The protein folding problem, or at least one of its iterations, consists of reliably determining the 3D structure of a protein from the sequence of its amino acids alone. There is a variety of amino acids serving different purposes, the best known of these molecules being the 22 proteinogenic (protein-creating) amino acids pervasive in the genetic code of all life. For instance, each of the 300,000 known proteins in the human body is encoded by a unique 300-place sequence of these 22 proteinogenic amino acids. Up to this point, the composition of proteins appears to be a relatively simple affair.
From a structural point of view, complexity increases since amino acids attract and repel each other, and these reactions form the distinct folds, loops, and creases that characterize the unique 3D structure of each protein. Moreover, the issue of isolating a protein's structure becomes even more nuanced when one considers that proteins may undergo slight structural changes when carrying out their functions or interacting with other proteins. There is even a category of intrinsically disordered proteins, which, as their name suggests, lack a defined structure in isolation but take on a defined folded shape once they attach to other proteins or molecules as needed to perform their function.
Thus, the experimental determination of a protein's structure is often time-consuming and expensive. Decades of experiments have revealed the structure of nearly 200,000 proteins, and they are all housed in the Protein Data Bank (PDB). The problem is so relevant to science that the CASP (Critical Assessment of Protein Structure Prediction), a community where researchers share their progress in solving the protein folding problem, organizes a biennial challenge where research teams are tasked with predicting the unreleased but experimentally confirmed structure of several proteins.
Armed with the information in the PDB, scientists at Google DeepMind trained AlphaFold so it could predict the undiscovered structure of other proteins based on their amino acid sequence alone. At CASP14 in 2020, AlphaFold's predictions were so accurate that the problem of predicting single protein structures was practically solved. Then, DeepMind released all of AlphaFold's predicted structures to the public domain. In 2021, the database contained over 350,000 entries, including human, yeast, fruit fly, and mouse proteomes. In 2022, the database had been expanded to include predictions for almost every protein known to science. Since its release, AlphaFold's predictions have helped catalyze research into new malaria vaccines, the discovery of new cancer drugs, and the development of plastic-eating enzymes.
Now, DeepMind and Isomorphic Labs have announced the publication of a progress update on the latest version of AlphaFold: it can now predict the structure of nearly every molecule in the PDB, often with atomic accuracy. In addition to proteins, these molecules include ligands, nucleic acids, and molecules that include post-translational modifications (PTMs). In this iteration, AlphaMind tackles specific protein structure prediction problems, such as antibody binding or protein-ligand complexes. The current standard for the latter involves using docking methods that require a rigid reference protein and a suggested binding position for the ligand. AlphaFold outperformed docking method predictions without requiring a reference or an approximate location for the ligand to bind to.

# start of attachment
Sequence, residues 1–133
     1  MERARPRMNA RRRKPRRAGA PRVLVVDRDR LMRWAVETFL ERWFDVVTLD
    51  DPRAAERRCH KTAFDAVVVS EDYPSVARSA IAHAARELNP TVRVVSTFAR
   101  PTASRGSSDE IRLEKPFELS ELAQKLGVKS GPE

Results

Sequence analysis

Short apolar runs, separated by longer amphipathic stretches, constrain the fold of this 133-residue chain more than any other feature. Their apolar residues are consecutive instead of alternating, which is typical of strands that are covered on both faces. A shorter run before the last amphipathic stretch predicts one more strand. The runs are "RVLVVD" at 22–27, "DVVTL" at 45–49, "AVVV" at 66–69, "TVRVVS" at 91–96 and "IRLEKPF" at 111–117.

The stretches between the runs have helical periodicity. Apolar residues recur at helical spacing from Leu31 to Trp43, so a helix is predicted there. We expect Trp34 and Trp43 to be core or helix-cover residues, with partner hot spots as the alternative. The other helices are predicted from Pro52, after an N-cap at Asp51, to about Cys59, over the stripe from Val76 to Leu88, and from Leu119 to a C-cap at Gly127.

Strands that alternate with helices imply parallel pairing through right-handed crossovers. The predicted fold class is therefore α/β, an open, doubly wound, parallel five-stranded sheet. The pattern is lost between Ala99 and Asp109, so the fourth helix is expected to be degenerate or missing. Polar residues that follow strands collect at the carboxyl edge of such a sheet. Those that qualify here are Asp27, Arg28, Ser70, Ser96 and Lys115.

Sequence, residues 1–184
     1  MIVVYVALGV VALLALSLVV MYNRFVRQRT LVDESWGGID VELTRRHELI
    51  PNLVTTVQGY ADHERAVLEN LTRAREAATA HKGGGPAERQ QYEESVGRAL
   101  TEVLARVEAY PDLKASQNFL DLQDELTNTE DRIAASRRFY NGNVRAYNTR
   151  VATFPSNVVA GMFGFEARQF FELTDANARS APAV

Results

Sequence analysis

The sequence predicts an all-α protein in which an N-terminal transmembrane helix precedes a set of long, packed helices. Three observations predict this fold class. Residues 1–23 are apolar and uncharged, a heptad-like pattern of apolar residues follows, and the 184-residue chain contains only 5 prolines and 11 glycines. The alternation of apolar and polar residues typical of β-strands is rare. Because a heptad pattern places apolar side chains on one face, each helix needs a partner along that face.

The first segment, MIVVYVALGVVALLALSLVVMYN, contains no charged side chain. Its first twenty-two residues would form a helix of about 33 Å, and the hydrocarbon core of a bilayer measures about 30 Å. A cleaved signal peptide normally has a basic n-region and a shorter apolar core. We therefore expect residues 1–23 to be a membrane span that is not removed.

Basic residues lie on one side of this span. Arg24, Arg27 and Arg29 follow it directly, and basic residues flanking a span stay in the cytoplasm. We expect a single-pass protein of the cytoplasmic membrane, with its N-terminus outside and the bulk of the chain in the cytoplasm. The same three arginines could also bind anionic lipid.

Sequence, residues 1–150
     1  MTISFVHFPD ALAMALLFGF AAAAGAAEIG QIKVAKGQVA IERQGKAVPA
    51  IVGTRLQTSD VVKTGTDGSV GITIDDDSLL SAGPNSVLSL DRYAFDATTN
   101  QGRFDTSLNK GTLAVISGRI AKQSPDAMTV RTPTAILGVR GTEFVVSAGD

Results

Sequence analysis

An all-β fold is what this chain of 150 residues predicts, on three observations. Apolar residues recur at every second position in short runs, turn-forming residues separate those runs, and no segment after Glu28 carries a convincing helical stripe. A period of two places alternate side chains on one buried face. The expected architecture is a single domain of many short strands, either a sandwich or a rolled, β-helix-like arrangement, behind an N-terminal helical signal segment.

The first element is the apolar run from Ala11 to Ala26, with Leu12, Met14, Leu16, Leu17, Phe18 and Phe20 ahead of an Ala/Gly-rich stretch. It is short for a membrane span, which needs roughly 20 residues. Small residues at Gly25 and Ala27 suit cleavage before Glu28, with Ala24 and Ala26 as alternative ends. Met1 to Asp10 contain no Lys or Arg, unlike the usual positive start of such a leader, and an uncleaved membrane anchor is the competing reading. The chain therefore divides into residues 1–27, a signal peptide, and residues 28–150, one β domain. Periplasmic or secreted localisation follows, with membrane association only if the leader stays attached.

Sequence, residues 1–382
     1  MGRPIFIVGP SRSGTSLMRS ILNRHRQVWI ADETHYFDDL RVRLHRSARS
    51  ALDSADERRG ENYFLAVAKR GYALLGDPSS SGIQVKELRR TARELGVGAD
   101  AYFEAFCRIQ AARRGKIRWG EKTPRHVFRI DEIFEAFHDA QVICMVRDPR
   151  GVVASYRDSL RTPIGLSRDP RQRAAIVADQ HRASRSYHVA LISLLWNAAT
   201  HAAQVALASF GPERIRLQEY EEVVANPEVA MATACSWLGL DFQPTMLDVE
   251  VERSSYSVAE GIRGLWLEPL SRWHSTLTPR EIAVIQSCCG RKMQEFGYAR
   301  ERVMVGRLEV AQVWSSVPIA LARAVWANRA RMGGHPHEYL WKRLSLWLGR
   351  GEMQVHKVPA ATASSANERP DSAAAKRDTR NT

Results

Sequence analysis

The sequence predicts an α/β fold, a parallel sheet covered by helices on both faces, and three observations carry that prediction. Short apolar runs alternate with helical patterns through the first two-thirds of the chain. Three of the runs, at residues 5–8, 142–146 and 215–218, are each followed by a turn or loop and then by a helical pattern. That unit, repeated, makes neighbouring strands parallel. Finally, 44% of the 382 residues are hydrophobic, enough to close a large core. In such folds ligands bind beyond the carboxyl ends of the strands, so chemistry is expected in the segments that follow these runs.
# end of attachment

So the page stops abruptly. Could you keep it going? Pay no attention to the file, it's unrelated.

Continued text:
The progress update includes a thorough report on the model inputs and outputs, as well as the evaluation process. Essentially, the model was trained on data available on the PDB up to the cutoff date of September 30, 2021. The evaluation set incorporates data available past the cutoff date, including a subset determined to be low homology to the training set (in other words, the data most different from the one contained in the training set). Performance results focus on the low homology subset. One of the most notable examples is the prediction for the CasLambda bound to crRNA and DNA. CasLambda belongs to the CRISPR family and shares the gene-editing capabilities of the CRISPR-Cas9 system but is smaller, which has led scientists to think it may be a more efficient gene-editing particle.
If anything, the progress update shows that AlphaFold has come a long way since its first release and will probably continue to accelerate the advancement of scientific exploration in many fields. It is also important to acknowledge the critical voices reminding us that predictions are different from experimentally verified data and should be handled with an additional measure of caution. Indeed, AlphaFold is by no means a replacement for experimentally confirmed results. But even when the problem is obtaining more experimentally confirmed data, the model can positively impact research by, for instance, helping scientists optimize resource allocation to focus on researching molecules on which AlphaFold has a low confidence score. This only goes to show that the model is nothing short of extraordinary.
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